Tag Archives: perfectionism

Recovery meets real life, or, Time to get back to work!

19 Jun

8:02 pm

It’s not that I don’t like being on this inner tube, fizzy water in hand, floating down the calm waters of a river with no end in sight, because I do.

For me, recovery has been about stopping what I was doing and just…stalling for a while. Breathing. Doing nothing but focusing on myself, and my recovery. Don’t get me wrong: getting sober WAS work, but I didn’t have the stress of going into an office every day doing a job I felt was meaningless (a large part of why I drank in the first place). I had good reason to not work (and here, I use the term in the sense of “real world” work): I was getting sober. I was healing. I was putting all my energy–for once, for ONCE!–into saving myself instead of the saving the world, as it were.

Until recently. Lately, I’ve been pushing myself to get back into the world of science writing. Truth be told, I’ve been scared SHITLESS of writing on a freelance basis, well, since I graduated from boot cam—err, my master’s program in journalism. I tried, here and there over the past several years, wrote a memoir that I shelved, started and stopped a few other personal writing projects; but, I simply haven’t pitched many story ideas–what if I was ignored or worse, brutally rejected?! YES, I worked in the field, but my standards were high: in order to be a “real” journalist, I needed to be pitching and writing as a contributing editor, a freelance writer; not being assigned stories and story ideas by an editor.

It’s hard to explain this pedantic notion of what it means to “be a writer” in my mind. Whatever it is, I wasn’t it. No way, no how. Even though I WAS, actually, writing quite complex pieces every month for a magazine (and doing it well, I might add). Somewhere along the way, I lost confidence in myself as a writer–in my creativity and in my writing.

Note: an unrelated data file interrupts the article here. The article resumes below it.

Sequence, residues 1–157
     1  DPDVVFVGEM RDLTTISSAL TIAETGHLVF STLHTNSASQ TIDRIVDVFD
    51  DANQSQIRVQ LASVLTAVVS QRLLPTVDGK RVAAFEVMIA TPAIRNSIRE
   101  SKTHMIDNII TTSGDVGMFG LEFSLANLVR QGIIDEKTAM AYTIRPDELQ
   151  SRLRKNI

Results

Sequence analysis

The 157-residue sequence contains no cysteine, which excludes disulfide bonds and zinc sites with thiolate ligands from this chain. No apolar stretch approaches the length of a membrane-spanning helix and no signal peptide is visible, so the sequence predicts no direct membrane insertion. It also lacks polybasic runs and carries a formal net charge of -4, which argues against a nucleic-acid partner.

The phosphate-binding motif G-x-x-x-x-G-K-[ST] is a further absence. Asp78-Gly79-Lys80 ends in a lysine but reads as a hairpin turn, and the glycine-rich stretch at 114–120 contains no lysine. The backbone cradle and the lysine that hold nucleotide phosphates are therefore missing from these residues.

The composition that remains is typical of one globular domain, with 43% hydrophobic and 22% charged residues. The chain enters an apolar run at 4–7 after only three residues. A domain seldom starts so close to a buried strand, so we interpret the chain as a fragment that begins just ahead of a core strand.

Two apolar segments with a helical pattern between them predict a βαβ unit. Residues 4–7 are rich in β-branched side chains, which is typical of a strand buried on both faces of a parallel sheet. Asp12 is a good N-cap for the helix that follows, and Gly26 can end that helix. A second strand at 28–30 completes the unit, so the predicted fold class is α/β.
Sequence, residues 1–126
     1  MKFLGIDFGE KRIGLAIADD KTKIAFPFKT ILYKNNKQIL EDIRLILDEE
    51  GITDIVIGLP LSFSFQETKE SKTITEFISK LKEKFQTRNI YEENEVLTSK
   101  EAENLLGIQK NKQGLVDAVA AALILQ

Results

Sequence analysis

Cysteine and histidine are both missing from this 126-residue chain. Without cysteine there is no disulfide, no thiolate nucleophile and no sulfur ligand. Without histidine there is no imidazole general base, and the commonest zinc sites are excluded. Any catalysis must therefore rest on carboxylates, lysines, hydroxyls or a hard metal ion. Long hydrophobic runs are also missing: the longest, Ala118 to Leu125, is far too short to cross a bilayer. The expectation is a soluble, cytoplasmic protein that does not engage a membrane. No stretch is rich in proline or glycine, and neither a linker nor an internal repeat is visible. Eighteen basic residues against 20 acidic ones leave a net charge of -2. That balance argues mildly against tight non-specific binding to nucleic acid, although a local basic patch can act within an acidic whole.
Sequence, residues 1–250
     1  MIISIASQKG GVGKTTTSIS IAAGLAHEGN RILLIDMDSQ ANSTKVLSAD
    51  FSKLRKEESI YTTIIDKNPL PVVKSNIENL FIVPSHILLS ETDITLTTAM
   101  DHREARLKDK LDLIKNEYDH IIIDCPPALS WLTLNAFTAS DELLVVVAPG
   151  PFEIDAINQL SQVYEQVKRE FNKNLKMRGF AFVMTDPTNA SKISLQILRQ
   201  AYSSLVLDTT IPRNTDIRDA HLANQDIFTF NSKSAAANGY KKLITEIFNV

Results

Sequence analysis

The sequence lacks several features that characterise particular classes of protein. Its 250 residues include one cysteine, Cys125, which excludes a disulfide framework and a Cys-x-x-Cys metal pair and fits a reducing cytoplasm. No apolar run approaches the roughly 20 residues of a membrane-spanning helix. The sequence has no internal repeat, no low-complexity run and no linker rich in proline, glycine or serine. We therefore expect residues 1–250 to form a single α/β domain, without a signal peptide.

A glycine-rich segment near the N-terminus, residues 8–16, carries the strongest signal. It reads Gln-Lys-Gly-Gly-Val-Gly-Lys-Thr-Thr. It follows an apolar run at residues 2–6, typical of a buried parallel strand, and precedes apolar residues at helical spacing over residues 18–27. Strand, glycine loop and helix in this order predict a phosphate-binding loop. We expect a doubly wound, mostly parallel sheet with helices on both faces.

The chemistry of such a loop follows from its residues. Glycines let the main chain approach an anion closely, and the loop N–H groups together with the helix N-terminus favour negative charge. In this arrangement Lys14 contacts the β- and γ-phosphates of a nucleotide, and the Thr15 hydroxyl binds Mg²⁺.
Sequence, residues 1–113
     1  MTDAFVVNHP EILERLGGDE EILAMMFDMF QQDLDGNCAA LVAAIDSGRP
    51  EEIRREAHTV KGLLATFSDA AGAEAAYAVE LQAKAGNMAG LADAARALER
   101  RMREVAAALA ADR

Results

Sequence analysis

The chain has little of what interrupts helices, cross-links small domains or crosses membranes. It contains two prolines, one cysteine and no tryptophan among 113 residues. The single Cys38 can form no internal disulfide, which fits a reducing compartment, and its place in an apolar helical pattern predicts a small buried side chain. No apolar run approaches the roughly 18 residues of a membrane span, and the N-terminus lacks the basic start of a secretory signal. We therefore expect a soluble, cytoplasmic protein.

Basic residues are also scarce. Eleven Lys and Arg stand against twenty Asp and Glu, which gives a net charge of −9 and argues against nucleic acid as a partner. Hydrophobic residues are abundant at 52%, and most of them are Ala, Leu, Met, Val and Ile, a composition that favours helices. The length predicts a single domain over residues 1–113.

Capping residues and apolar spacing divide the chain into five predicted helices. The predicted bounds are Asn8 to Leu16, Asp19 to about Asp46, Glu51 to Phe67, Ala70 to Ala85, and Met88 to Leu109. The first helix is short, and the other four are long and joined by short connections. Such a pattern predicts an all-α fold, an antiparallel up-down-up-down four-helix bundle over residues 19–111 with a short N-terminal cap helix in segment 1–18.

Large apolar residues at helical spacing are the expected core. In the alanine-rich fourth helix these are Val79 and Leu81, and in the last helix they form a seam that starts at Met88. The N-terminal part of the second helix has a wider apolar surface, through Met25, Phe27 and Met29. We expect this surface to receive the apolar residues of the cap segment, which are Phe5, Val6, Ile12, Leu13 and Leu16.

That’s been the story of my life, though: a deep-seated lack of self-confidence. Part of it is genetic: I’m an introvert. Journalism isn’t necessarily a good occupation for a lot of us writers who, yes, prefer to be alone all day. However, we grow, we learn, we stretch outside our comfort zones; it gets easier, and it becomes a job that we can do. Part of it is experience: my graduate program was pretty brutal, and I guess I internalized that criticism a little too much. I’m always fearing the worst when it comes to negative feedback and/or criticism. I was–I am–in abject fear of failure. Finally, part of it is being from the Midwest: we don’t brag. Bragging is just not in our blood. We’re nice, we let others go first, we say we’re sorry a little too much. (In fact, I wonder how different my life would have gone if I had been born and raised in New York…)

I KNEW this day would come, and maybe I drew out my recovery–quitting, staying quit, conquering the cravings, dealing with some issues–so that I could put off getting back into the real world of work.

Yet, I’ve made some progress lately on the pitching and writing front. I’ve also started the process of getting back into reviewing and assimilating the science news (which is a hefty amount of information, to be done on a gradual basis).

I think, actually, that the so-called “miracle” is on its way. I’ve noticed my confidence increasing: I’ve suddenly seemed to have arrived at this point of, Hey, I can do this, and I WILL DO THIS. It’s no longer a matter of, I’m not good enough, or, I’m afraid. I need to get back in the game. I’m a (damn) good player, and I’ve been on the sidelines for too long.

Onward! 100 days in one week… Unicorns, CHARGE! 🙂 *glitter ball*

Do one new thing every day…

3 Jan

1:44 am

…is my New Year’s mantra! I’ve already broken a few resolutions, like, eat less cake and drink less Diet Coke, BUT… Resolutions are things to work on, not attain. When it comes to goals like these, it’s not all or nothing, it’s not black or white, and it’s not one-size-fits-all. Just like getting sober! (Not to mention, what does the Gregorian calendar have to do with my soda consumption? I’m sure the Pope wouldn’t really care if I didn’t eat less cake…)

I like the idea of having a year’s theme. In fact, I was reminded by Mished-Up’s awesome post just how productive declaring a “word of the year” can be! I did that for a few years back in my early 20s. One year it was something like Growth. Another year it was Change. A third was, This is the year of Creativity.